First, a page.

More possible common threads in major ICS cyber incidents – unintended system interactions

One of the most important aspects in addressing ICS cyber security is the concept of “systems of systems”.  Unlike IT where you can test a box and label it and the system secure, control system cyber security requires testing the overall system. That is because even if the individual boxes are secure, the communication protocols may not be secure or there may be unintended system interactions.

The crash of an Airbus A400M airlifter that killed four people on May 9 may have been caused by new software that cut off the engine-fuel supply. The aircraft featured new software that would trim the fuel tanks allowing the aircraft to fly certain military maneuvers.

This is not the first instance where unintended ICS interactions have affected the overall system. A number of years ago, a power plant connected a dispatch system to its plant distributed control system (DCS) as it was the utility’s most economic unit. Both software systems were tested but there was no testing of the integrated system. When the systems were connected, the unit was ramped back and forth across its full load range at the maximum ramp rate. The DCS effectively maintained the control variables within constraints so the operator was not aware of the turbine cycling. This is really important as operators often rely on the DCS to protect the plant and in this case it was the DCS causing the problem with no indications. However, the turbine rotor was subjected to significant stress. The analysis showed the turbine SIGNIFICANTLY exceeded the design stress curves 3 times in the 3 hour period. The event impacted the turbine rotor’s lifetime and the dispatch status of the unit reducing the revenue generation from the ancillary services market. The situation threatened the viability of the unit to compete in the marketplace and will result in the utility having to repair or replace the turbine rotor earlier than expected.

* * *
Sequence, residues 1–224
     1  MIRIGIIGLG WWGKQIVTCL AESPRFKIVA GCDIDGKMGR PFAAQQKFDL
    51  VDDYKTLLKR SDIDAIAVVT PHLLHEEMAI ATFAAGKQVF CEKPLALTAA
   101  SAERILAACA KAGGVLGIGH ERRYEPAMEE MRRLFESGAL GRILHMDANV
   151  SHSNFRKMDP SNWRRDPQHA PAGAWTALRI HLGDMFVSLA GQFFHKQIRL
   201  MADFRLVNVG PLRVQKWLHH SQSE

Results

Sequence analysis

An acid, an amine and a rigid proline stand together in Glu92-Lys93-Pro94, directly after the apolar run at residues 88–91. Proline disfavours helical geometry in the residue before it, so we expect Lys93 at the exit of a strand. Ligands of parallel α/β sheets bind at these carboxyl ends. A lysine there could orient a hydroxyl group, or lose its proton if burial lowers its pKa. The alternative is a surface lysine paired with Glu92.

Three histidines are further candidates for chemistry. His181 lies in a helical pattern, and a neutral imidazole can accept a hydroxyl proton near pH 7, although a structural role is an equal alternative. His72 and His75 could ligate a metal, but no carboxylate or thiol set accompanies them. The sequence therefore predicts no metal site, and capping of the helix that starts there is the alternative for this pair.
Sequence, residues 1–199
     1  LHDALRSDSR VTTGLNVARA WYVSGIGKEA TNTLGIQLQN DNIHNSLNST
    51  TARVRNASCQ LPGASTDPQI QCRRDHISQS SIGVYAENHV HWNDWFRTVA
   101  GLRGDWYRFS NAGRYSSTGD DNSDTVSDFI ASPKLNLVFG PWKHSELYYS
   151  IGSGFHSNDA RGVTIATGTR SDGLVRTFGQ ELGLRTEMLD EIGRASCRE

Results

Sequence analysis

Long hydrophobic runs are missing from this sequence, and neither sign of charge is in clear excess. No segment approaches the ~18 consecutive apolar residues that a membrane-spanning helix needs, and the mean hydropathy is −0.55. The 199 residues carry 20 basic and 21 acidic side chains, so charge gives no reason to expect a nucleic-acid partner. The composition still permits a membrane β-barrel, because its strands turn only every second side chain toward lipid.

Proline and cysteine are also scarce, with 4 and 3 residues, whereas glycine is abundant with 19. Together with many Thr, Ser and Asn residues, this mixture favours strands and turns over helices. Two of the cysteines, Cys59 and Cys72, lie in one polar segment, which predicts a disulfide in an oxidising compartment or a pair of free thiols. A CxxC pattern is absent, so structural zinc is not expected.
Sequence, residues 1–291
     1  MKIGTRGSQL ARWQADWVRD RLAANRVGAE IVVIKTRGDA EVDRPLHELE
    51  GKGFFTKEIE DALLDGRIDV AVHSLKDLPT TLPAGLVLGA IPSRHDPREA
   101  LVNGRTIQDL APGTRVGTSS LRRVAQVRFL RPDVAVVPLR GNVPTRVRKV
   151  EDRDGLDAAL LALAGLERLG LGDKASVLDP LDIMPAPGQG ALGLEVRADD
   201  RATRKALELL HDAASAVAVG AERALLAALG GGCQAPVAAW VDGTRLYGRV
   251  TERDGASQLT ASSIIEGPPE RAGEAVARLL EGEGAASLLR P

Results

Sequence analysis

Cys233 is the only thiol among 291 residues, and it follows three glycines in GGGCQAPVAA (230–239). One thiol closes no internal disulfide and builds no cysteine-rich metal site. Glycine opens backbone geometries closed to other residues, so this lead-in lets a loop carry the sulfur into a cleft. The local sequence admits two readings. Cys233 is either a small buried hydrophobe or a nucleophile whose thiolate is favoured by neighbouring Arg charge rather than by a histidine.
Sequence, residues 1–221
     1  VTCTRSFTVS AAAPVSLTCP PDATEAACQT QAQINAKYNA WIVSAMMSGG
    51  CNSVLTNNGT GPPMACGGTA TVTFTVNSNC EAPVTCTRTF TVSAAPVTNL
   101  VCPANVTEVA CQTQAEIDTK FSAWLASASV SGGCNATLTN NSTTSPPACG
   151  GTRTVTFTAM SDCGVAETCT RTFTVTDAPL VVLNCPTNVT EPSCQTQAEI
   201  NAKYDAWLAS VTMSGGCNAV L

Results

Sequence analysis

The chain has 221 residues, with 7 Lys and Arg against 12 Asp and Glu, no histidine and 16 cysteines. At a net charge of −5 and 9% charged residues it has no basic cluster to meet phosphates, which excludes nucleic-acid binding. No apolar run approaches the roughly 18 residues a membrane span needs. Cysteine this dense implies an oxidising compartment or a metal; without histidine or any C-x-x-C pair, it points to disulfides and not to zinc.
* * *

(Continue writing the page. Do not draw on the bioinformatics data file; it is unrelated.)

Another case of unintended system interaction was the implementation of a turbine vendor’s security patch. The turbine vendor did not coordinate the new security functionality with the existing engineering design.  The “uncoordinated” patch resulted in the loss of view and loss of control of the turbine.

There have been many other examples of significant system impacts from the unintended consequences of system interactions. To date, most of these problems have been unintentional. However, the impacts have been very significant. Furthermore, it wouldn’t be that difficult to cause these issues intentionally with small chance of detection.

Joe Weiss

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  • <p>Joe - Your comments on system testing and examples of a lack thereof in ICS are helpful, but your view of IT is just plain wrong.</p> <p>"Unlike IT where you can test a box and label it and the system secure, control system cyber security requires testing the overall system." Perhaps this is true for desktop management, but system testing is very important and often done with a lot more rigor in IT than ICS.</p> <p>Last month I was at a large participant in the water sector. In addition to the ICS, they had an ERP system that was critical to business. They had a complete test environment for the ERP, and a long set of tests they ran to insure the required functionality was not affected prior to a change being pushed out to production.</p> <p>This is yet another area where OT could benefit from IT's experience in setting up test environments and system related regression test plans.</p> <p>Dale Peterson @digitalbond, digitalbond.com </p>

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